Canada election 2015: Does calling an early election save taxpayers money?
Spin Cycle | Conservative Leader Stephen Harper said he called an election because the campaign's already on
"I feel very strongly that if we're going to begin our campaigns and going to run our campaigns, that those campaigns need to be conducted under the rules of the law — that the money come from the parties themselves, not from the government resources, parliamentary resources or taxpayer resources — and that's what we're doing."
— Conservative Leader Stephen Harper
It's been a long time since Conservative Leader Stephen Harper took five questions in a row from the parliamentary press gallery, and the first, during Sunday's election launch at Rideau Hall, set the tone.
CBC's Terry Milewski asked if opting for an early, 11-week campaign gave Conservatives an unfair advantage because of the party's demonstrable strength in fundraising.
Pundits have suggested as much for weeks.
- How a long campaign will benefit the cash-rich Tories
- Riding analysis shows spending for longer campaign favours Tory candidates
- Longer federal election campaign would cost taxpayers millions more
- 5 things that change when the campaign (really) starts
Harper's answer: The campaign's already started, so let's make it official and start operating under election rules. It's the right thing to do for taxpayers.
Few could disagree with Harper that an unofficial campaign for the Oct. 19 election had been on for months.
NDP Leader Tom Mulcair's recent mini-tour of southwestern Ontario was indistinguishable from the sights and sounds of the writ period.
Advertising — both the attacking kind and the softer selling sort — never really went away for the Conservatives, but definitely ramped up from all corners.
Third-party organizations, influential spenders in Ontario's last election, had a free hand. Now they're curtailed, as election spending limits kick in under the Fair Elections Act.
When Harper speaks of wanting to play by the rules, that's a law Conservatives enacted with their majority.
Have they protected taxpayers with their reforms?
Conservatives point to their phase-out of the per-vote subsidy that Jean Chretien's government created for political parties in 2004. It intended to replace corporate donations and large donations with public money based on a party's popular support.
But now the subsidy is gone. Parties with weaker fundraising are disadvantaged.
"Mr. Harper's priority is to spend millions of dollars on self-serving government advertising and an early election call," NDP Leader Tom Mulcair said in his kickoff speech.
On CBC Radio's The House Saturday, the former head of Elections Canada, Jean-Pierre Kingsley, charged that Harper was gaming the system, distorting the role of money in politics.
The $25 million spending limit for a 37-day campaign increases to over $50 million for this super-sized 11- week run to Oct.19.
But that $50 million-plus is not just party money. It's also taxpayers' money, in two ways:
- Taxpayers rebate up to 50 per cent of parties' election expenses and 60 per cent of an individual candidate's campaign costs, if they garner sufficient voter support.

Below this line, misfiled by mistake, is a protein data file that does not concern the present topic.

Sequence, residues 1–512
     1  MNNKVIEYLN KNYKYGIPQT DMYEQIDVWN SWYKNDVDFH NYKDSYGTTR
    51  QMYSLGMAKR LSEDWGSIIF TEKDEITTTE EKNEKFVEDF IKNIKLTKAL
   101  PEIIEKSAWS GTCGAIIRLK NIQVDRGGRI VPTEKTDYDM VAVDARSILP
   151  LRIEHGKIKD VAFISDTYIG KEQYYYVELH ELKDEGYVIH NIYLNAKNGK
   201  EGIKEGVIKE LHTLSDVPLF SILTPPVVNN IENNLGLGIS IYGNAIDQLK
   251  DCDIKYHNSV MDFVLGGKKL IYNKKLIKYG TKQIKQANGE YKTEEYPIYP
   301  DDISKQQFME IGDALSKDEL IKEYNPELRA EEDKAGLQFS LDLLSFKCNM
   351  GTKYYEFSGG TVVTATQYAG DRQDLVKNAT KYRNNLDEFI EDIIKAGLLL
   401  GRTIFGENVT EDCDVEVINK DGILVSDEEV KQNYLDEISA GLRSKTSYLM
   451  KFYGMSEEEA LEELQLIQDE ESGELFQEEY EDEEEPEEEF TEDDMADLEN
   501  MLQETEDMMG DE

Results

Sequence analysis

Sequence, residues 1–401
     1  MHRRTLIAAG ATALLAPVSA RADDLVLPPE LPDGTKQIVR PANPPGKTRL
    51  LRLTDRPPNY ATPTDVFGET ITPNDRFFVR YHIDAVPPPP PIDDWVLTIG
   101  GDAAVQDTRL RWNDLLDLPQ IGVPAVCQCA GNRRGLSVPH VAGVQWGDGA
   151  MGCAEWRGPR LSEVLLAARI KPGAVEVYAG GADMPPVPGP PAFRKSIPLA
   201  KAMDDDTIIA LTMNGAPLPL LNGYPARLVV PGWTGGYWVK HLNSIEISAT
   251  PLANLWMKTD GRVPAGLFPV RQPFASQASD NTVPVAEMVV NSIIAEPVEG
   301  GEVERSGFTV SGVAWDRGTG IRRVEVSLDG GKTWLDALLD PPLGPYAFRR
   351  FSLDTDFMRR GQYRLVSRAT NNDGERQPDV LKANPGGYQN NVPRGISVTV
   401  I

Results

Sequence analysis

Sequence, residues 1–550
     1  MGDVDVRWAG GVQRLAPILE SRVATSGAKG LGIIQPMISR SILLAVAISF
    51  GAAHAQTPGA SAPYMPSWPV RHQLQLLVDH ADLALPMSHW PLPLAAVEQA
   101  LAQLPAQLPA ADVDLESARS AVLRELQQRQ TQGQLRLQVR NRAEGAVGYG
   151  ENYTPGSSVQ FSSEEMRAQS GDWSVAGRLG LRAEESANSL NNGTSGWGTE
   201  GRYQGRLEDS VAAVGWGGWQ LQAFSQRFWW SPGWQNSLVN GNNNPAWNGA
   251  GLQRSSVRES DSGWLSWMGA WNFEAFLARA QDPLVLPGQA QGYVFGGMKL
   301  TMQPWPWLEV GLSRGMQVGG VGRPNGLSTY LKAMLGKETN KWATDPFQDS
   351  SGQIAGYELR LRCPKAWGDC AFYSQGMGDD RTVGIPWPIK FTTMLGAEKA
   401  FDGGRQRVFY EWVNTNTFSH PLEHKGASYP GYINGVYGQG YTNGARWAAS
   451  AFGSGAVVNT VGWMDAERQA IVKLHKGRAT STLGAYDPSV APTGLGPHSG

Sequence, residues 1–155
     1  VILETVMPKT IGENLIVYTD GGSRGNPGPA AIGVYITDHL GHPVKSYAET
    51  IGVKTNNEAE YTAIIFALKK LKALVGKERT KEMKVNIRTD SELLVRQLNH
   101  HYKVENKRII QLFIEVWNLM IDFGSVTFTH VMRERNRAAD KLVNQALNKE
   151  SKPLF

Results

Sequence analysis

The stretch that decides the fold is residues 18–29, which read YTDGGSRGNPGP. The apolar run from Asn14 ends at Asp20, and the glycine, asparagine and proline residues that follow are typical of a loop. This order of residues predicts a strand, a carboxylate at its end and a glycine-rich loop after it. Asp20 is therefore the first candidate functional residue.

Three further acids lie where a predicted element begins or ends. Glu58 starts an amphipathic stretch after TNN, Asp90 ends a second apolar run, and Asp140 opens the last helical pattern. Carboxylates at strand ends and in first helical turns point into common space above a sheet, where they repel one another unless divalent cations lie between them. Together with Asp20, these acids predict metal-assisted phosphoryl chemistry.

- Taxpayers finance the federal political contribution tax credit, which rebates party donors 75 per cent on the first $400 and 50 per cent of the rest, up to a maximum of $1,200.
Add the effect of these two together and every dollar a political party spends during an election campaign could cost taxpayers about $1.23.
"We'll be bludgeoned in our own homes by attack ads, and every single attack ad we're paying for half," said Green Party Leader Elizabeth May.
May says Harper brought in reforms that give his party more money and disadvantage others.
"I say to Stephen Harper: Shame on you for doing that," she said.
Level playing field?
Kingsley said the long campaign means publicly funded Elections Canada must spend tens of millions of dollars on top of the estimated $375 million it takes to run a 37-day campaign — some administration costs, such as campaign worker salaries, go up.
Former Reform party advisor Rick Anderson, who's now helping the Conservatives with debate strategy, panned Kingsley's views on Facebook. He's a fan of fixed election dates.
"We knew that election campaigning would inevitably begin in advance," he wrote. "Until the writs are issued, there are no spending limits for any of the participants … Open season; whoever has the most money has the biggest impact."
"There is no disclosure of who is funding third-party advertising. And there are no rebates," he continued.
"Once the writs are issued, then spending limits kick in … these spending limits are designed to level the playing field."
Pollster Bruce Anderson from Abacus Data says it's an open question whether voters will care about Harper's decision to go early.
"I don't think he gave a very strong rationale, but I think he gave the best rationale that he could possibly give," he said. "I don't think that we're going to spend very many days of this campaign talking about this issue."
Anderson notes that for all the millions in Conservative advertising, the party is only at 30 per cent in the polls.
"You might look at it and say that's a lot of money to accomplish relatively little," he said.
Toronto Star columnist Chantal Hébert said Tory strategists know that Harper's narrative is shaky on this — but much like his comments on same-sex marriage kicking off the 2005 election, he's putting his spin on it early, hoping to then move on.
"It certainly does take a lot of nerve," she said on the CBC's election special. "They have decided that [the early election call is] worth the risk of a lost day."